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With Looming State Shutdown, State Parks’ Future Uncertain

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With Labor Day weekend marking the unofficial end to summer, traffic at state parks is sure to dwindle, possibly stopping altogether if Michigan sees a government shutdown.

The campgrounds and beaches at state parks across Michigan were packed this weekend as the summer winds down but the chilly weather isn’t the only thing clouding the future of state parks.

“It’s been a very typical summer,” says Manny Valdez, supervisor of Mears State Park in Pentwater.

Northern Michigan’s summer has been typical all around. Average temperatures and average rainfall equaled average attendance for the state parks in the area.

“The campground is the campground and the numbers stay consistent so the hot weather brings more people from town, more people from the surrounding area that come to the beach,” says Valdez, “With the beach being so accessible to people, we see bigger crowds when it’s hot.”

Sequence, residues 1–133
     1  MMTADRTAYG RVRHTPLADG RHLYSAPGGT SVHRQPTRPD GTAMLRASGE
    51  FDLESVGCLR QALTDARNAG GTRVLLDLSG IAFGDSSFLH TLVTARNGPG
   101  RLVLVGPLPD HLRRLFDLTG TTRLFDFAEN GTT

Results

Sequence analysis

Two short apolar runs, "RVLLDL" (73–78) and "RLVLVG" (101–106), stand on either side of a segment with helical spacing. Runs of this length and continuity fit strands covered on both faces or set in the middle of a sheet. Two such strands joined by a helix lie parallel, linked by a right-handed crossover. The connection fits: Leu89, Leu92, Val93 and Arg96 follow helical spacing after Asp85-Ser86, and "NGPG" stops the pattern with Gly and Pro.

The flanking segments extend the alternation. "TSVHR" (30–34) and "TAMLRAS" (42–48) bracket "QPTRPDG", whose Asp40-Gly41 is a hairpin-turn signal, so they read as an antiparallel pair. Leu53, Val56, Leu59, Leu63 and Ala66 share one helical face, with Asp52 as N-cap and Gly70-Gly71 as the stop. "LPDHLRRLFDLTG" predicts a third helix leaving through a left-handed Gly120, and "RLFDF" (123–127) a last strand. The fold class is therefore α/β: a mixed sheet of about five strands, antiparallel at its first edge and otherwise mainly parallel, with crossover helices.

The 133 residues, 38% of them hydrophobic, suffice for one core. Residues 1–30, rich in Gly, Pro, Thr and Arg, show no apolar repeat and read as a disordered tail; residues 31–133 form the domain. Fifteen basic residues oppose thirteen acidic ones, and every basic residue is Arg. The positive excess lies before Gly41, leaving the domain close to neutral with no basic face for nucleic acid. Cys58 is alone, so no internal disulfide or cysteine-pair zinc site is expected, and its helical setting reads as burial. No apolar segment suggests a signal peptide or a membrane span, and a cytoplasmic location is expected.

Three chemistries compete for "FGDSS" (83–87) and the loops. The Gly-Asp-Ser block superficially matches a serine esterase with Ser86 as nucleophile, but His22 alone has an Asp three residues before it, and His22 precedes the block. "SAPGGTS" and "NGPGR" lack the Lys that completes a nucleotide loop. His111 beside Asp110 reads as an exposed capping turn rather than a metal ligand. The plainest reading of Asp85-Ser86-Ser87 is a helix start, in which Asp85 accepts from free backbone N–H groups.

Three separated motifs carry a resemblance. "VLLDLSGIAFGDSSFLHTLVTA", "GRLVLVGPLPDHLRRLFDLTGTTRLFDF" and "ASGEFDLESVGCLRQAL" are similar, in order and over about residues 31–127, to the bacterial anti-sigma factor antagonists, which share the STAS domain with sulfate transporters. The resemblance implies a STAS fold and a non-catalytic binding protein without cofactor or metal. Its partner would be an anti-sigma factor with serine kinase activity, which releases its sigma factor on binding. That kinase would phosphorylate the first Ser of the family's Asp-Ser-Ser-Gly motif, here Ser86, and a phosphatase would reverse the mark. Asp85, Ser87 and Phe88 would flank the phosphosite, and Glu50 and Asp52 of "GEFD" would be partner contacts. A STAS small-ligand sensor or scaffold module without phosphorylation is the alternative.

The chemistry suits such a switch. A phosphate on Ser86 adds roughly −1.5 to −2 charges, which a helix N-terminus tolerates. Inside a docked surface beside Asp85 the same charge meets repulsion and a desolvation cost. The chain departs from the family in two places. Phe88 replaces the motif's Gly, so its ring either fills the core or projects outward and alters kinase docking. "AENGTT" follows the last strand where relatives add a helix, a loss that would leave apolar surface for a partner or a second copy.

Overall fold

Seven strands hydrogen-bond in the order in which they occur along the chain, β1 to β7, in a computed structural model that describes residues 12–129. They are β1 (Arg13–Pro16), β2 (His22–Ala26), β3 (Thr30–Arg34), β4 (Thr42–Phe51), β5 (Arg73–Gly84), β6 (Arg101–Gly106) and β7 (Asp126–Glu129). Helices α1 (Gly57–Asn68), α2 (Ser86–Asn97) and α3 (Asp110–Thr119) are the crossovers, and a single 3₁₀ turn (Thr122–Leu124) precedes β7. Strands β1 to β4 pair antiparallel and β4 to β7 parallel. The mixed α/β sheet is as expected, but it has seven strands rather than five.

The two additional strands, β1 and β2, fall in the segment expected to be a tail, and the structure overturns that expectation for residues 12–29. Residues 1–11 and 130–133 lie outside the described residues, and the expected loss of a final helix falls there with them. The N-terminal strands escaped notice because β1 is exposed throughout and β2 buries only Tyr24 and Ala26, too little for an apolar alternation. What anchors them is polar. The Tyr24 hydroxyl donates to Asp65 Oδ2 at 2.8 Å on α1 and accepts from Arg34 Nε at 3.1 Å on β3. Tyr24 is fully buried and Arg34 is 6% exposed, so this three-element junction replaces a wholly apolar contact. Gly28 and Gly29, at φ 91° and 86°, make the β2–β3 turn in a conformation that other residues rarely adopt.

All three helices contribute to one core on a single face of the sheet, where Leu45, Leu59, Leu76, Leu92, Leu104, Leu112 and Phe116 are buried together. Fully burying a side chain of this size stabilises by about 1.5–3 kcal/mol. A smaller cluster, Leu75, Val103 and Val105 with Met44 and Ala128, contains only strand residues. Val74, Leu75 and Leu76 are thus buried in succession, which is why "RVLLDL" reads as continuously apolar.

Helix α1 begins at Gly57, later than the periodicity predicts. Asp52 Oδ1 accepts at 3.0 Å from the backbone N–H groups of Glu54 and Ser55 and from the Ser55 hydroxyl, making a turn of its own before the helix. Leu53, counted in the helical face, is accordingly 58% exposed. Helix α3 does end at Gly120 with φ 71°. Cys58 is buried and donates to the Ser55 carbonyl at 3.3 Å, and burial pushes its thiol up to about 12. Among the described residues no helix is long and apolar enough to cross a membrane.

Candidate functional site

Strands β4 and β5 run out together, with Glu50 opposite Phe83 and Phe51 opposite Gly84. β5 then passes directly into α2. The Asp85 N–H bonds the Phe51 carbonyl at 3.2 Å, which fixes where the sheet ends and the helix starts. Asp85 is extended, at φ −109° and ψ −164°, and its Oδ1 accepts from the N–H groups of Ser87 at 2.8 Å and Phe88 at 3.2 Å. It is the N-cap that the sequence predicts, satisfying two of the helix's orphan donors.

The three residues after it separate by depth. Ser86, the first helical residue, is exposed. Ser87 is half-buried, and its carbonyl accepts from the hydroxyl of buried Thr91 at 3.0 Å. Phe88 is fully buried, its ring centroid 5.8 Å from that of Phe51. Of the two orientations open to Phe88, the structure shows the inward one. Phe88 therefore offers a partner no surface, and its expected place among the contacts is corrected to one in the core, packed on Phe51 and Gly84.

Heading into September and October the numbers will surely drop due to school going back in session, the weather changing and, of course, a potential government shut down.

“In the past, we have done it both ways. We had one where we did have to remove campers from the park because the government was going to shut down on October 1,” says Valdez, “But then the last time it became a possibility, they decided to call the state parks one of the essential services for the state so even if there is a shut down we don’t have to remove people out of their campsites.”

With four weeks to go, the official decision on state parks this time, hasn’t been madee. But in the past, when the budget deadline came, the campers in parks were told to immediately leave.

“That happened in the past,” says Valdez, “Yeah, we had to put up the barricades and tell people to leave.”

Valdez says when the park is closed, that pertains to campgrounds, buildings and parking lots. People can still walk freely through the area as they tend to do often at Mears.

“We get as much foot traffic and bicycles entering the park as we do people coming in cars,” says Valdez.

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